Israeli Prime Minister Ariel Sharon asked senior cabinet ministers on Thursday to approve the release hundreds of Palestinian prisoners, a gradual pullout from five West Bank cities and a joint cease-fire declaration with the Palestinians at a historic Mideast summit next week.
Momentum for a cease-fire announcement and other measures received a major boost Wednesday after Egypt unexpectedly offered to host a summit of regional leaders.
Tuesday's summit at Egypt's Red Sea resort of Sharm el-Sheik is to be hosted by Egyptian President Hosni Mubarak, and Jordan's King Abdullah will also attend.
In Thursday's meeting, Sharon asked six senior ministers to approve a series of steps ahead of the summit.
In addition to the prisoner release and a gradual West Bank troop withdrawal, Israel would also agree to stop hunting fugitives, provided they sign a pledge to halt attacks and hand over weapons.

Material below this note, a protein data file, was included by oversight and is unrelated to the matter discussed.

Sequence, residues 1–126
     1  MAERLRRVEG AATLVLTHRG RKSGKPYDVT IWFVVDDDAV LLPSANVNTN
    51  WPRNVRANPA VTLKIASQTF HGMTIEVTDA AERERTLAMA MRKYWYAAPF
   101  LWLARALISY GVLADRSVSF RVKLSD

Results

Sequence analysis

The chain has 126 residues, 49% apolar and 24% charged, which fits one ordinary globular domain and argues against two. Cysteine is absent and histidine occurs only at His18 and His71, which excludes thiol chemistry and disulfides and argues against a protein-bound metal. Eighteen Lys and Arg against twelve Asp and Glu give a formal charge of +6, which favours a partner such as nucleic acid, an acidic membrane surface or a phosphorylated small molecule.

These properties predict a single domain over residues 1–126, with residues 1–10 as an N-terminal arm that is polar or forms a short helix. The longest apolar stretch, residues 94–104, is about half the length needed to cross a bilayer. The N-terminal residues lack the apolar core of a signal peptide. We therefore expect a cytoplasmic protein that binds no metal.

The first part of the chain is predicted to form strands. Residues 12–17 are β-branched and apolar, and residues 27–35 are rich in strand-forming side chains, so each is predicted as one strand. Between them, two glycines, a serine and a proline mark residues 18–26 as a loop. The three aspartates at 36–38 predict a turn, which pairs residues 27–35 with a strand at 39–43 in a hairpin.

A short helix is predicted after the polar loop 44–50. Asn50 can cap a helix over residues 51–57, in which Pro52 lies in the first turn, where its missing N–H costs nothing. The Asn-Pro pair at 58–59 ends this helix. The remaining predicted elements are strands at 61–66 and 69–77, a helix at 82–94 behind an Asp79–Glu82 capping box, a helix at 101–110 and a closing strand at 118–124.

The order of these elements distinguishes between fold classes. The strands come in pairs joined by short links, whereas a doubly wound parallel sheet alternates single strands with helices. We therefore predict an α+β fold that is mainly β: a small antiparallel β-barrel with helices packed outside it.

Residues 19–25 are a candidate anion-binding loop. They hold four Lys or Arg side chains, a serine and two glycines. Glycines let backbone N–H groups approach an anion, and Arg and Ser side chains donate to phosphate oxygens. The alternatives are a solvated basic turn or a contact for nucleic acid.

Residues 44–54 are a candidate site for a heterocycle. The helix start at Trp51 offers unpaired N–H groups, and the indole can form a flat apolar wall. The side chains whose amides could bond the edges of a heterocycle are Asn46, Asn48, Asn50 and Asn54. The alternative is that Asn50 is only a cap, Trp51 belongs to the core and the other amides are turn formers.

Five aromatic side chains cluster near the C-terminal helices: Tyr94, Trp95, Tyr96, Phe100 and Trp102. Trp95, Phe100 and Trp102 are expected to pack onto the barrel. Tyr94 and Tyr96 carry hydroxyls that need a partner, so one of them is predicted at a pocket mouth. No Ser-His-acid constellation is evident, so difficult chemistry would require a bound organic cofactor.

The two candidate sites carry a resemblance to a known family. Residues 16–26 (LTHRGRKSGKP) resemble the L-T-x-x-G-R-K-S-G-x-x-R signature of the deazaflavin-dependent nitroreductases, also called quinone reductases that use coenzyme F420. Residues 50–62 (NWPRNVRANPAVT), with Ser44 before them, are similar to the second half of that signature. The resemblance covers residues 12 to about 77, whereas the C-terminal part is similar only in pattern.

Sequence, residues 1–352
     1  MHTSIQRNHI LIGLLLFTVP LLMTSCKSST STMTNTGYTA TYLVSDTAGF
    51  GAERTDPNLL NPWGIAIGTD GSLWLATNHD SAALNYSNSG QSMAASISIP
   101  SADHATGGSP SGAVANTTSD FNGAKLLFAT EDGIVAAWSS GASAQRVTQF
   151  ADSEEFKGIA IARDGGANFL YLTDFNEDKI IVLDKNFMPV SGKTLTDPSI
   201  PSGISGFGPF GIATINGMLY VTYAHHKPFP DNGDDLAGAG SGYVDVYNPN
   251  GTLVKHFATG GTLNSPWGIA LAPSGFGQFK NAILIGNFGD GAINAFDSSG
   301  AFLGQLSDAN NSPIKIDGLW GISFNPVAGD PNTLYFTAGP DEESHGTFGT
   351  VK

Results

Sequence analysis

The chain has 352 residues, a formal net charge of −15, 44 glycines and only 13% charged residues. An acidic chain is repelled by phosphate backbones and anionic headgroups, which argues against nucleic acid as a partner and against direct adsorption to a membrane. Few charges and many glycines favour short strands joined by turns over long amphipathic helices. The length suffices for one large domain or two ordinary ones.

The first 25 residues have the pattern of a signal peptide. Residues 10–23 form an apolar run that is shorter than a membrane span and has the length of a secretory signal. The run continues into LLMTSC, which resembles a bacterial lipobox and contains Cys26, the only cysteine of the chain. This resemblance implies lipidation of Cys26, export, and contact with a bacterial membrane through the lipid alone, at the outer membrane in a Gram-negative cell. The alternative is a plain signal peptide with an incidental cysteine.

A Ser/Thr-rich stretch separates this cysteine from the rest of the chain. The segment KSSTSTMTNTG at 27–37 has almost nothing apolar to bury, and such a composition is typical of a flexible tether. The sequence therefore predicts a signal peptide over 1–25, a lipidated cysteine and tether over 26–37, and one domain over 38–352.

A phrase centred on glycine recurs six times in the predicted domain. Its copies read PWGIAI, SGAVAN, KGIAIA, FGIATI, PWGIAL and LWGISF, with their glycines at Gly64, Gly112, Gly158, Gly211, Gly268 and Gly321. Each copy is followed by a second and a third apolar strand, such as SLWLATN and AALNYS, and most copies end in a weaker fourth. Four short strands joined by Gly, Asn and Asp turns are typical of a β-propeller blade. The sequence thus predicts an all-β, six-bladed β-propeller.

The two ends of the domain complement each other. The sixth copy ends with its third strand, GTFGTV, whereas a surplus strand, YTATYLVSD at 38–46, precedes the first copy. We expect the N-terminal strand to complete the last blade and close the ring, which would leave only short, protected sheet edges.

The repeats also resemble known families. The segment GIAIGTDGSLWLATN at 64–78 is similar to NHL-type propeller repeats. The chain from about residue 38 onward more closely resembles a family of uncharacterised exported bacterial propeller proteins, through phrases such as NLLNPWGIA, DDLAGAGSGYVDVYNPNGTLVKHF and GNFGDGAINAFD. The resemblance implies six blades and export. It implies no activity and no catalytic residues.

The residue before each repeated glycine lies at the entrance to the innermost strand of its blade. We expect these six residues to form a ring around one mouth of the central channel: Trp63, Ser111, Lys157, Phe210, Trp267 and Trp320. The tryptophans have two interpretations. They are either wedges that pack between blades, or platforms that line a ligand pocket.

Defence Minister Shaul Mofaz told the ministers the military plans to withdraw gradually from five West Bank towns, starting with Jericho, followed by Bethlehem, Qalqiliya and Tulkarem.
Ramallah, the Palestinians' centre of government, would be last, participants said.
Mofaz emphasised that all the measures are reversible, apparently addressing concerns by hawkish ministers.
Later on Thursday, Sharon aide Dov Weisglass and Palestinian negotiator Saeb Erekat were to meet to finalise the summit's agenda.
In Ramallah, Palestinian Prime minister Ahmed Qureia met European Union representative to the Middle East Martin Schultz and briefed him on the latest developments between Israel and the Palestinians.
And at the Rafah terminal in the Gaza strip, Palestinian policemen crossed the border to Egypt to take part in training that will allow them to deploy Palestinian forces in Gaza Strip anticipating the Israeli withdrawal from the area by mid 2005.
Palestinians and Israelis both said they expected the summit to produce a truce ending more than four years of violence.
A joint declaration of a cessation of violence is one of the first requirements in the internationally backed Road Map peace plan, which calls for the establishment of a Palestinian state by the end of this year.